Panel suggests HHS security reboot after 5 hacks in 3 years

The House Energy and Commerce Committee issued a report detailing serious structural flaws at HHS—including operating divisions such as the FDA and National Institutes of Health—that led to poor information or cybersecurity. The Committee noted that the ongoing cybersecurity issues left HHS vulnerable to cyber attacks, including at least five known attacks in the last three years.

On October 15, 2013, an individual gained unauthorized network access to the online submission system of the FDA’s Center for Biologics Evaluation and Research (CBER). The intruder gained unauthorized access to each registered user’s account information, including passwords and associated e-mail addresses. The FDA discovered the breach on the same day it occurred, and deactivated nearly 9,000 accounts considered inactive and reset passwords for the remaining 4,820 active accounts. The active account holders were contacted by e-mail and advised to change their password because of a “technical issue.”

The Committee was especially concerned that this breach, as well as others, employed unsophisticated methods and that “officials at the affected agencies often struggled to provide accurate, clear and sufficient information on the security incidents” during the course of the Committee’s investigation. As a result, the overall adequacy of information or cybersecurity programs at HHS and its operating divisions was degraded.

Operational concerns outweighed security

Many of the security issues suffered by HHS operating divisions shared the same root cause. At the FDA, CMS, and the Office of Civil Rights, security concerns were found to be subordinated to operational concerns. The Committee’s investigation found that the organizational relationship between the chief information officer and chief information security officer at HHS and the operating divisions prioritized operational concerns, which resulted in the security concerns receiving insufficient attention. There were instances where this hierarchy prevented the chief information security officer from requiring full system audits.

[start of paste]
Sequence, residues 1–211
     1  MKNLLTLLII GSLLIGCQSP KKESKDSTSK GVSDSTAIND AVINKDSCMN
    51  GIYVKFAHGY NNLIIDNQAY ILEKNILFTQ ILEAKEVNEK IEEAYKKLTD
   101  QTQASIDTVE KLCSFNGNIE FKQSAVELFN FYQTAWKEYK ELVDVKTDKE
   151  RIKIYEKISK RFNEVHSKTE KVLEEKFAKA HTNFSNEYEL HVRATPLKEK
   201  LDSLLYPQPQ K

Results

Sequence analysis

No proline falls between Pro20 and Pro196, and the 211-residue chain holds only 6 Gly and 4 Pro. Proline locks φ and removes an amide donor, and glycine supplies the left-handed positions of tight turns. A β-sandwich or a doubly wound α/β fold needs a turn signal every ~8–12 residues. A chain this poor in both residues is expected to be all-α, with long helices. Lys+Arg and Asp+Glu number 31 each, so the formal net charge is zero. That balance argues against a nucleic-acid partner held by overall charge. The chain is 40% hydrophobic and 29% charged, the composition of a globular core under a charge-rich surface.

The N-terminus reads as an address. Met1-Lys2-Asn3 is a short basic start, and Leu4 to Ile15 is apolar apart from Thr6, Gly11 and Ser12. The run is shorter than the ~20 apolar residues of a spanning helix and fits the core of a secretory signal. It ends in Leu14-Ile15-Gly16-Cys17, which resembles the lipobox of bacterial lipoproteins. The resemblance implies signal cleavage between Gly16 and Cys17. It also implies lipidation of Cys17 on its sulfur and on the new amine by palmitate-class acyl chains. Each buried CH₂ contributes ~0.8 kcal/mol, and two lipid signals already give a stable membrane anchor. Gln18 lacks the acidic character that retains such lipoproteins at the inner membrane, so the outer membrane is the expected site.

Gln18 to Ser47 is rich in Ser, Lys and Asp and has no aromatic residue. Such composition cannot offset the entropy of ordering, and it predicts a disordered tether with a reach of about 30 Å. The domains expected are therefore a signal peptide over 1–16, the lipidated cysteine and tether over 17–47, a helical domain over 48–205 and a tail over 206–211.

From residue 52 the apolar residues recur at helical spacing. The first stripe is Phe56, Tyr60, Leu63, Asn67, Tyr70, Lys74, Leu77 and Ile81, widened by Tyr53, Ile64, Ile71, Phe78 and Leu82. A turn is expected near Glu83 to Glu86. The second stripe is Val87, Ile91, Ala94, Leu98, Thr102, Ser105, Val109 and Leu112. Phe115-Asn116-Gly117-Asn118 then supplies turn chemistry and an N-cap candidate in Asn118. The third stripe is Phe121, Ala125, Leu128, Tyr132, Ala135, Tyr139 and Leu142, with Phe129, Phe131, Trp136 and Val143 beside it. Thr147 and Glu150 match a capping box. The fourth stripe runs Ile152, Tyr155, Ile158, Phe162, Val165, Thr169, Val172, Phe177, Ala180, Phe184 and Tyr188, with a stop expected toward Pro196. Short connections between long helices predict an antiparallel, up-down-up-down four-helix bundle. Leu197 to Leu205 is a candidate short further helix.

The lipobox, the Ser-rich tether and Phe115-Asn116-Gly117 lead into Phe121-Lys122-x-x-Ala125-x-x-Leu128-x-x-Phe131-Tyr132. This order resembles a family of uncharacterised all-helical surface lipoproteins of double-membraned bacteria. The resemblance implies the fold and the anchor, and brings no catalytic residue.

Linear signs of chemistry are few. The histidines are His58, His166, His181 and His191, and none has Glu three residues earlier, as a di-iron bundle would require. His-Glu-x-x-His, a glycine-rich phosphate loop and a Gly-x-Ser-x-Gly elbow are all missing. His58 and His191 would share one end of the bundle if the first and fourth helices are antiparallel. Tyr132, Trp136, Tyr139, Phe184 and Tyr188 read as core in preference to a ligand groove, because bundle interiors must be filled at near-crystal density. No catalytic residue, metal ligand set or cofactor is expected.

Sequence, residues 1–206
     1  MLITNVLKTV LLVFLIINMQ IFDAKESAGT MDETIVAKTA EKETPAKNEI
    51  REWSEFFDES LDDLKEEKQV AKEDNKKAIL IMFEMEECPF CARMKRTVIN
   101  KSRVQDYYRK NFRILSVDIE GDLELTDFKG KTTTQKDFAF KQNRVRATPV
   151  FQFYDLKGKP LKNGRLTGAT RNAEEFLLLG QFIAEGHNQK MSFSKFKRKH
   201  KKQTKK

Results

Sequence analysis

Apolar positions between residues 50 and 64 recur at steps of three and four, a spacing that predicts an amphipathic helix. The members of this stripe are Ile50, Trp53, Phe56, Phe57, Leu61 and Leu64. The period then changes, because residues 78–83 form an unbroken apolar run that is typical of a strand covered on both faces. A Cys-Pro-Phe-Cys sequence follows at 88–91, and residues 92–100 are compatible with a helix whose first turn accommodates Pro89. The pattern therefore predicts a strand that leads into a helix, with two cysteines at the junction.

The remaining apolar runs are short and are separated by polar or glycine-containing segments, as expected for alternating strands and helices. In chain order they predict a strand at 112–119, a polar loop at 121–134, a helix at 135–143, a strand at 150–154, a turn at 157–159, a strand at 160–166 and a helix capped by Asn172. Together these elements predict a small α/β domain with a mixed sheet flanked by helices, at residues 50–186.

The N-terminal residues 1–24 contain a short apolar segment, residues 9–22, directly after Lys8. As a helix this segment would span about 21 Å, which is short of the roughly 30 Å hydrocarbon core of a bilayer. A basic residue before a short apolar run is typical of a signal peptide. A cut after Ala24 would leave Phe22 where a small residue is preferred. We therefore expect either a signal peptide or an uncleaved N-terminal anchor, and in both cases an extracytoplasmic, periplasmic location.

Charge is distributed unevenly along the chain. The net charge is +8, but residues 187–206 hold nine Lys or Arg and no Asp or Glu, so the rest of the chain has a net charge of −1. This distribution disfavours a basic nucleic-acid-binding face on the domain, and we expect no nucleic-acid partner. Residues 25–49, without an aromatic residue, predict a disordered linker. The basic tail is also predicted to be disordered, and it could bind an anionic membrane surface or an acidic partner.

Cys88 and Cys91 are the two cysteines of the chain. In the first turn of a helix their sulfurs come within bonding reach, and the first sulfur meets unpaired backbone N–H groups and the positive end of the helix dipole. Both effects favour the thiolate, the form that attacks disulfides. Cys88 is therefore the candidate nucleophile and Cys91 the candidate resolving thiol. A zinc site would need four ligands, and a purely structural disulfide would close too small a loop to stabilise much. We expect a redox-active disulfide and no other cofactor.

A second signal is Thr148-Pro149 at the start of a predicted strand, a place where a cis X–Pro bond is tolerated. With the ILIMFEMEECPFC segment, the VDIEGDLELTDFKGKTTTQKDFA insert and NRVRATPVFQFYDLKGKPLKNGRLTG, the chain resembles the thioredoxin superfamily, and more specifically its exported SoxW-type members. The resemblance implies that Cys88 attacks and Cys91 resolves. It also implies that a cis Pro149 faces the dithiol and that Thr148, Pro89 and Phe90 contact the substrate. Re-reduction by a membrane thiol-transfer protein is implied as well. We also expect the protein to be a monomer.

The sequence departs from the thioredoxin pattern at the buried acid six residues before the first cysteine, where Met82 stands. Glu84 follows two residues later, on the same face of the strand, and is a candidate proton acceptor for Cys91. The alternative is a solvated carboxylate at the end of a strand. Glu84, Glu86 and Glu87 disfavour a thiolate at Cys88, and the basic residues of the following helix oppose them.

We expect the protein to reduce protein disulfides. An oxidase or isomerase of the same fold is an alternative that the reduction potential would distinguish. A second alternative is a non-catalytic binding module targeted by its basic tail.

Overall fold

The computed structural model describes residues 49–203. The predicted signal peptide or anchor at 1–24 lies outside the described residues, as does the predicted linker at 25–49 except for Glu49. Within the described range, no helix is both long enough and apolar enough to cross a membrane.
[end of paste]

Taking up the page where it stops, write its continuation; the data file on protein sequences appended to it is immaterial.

Moreover, security officials were not always permitted full access into their own networks, because of contractual relationships with outside contractions. These contractors were found to own and operate portions of the agency networks. In addition, the Committee had several outstanding issues as to whether security personnel had appropriate authorities, or even expertise, to carry out cybersecurity duties. One breach simply resulted from a missing “critical” software patch, and in another instance of expertise concerns, information security officials misidentified a list of hackers as a list of security vulnerabilities.


House committees have increasingly voiced concerns regarding the sharp increase in cyber incidents reported by federal agencies over the past few years (see Cybersecurity a continuing concern for federal agencies, Health Law Daily, April 23, 2015). For the recent HHS breaches, these concerns could be addressed by moving the chief information security officer position to the Office of the General or Chief Counsel, as applicable. The separation of the management of information technology from the management of cybersecurity concerns would remove information or cybersecurity from the information technology “silo” and would facilitate the inclusion of expertise across HHS in cybersecurity decisions.

In particular, the Committee suggested that placement of the chief information security officer within the Office of the General or Chief Counsel specifically acknowledged that information or cybersecurity was a risk-management activity, which traditionally was the purview of the legal team. Reorganization would be an important first step toward creating a system that incentivized better security.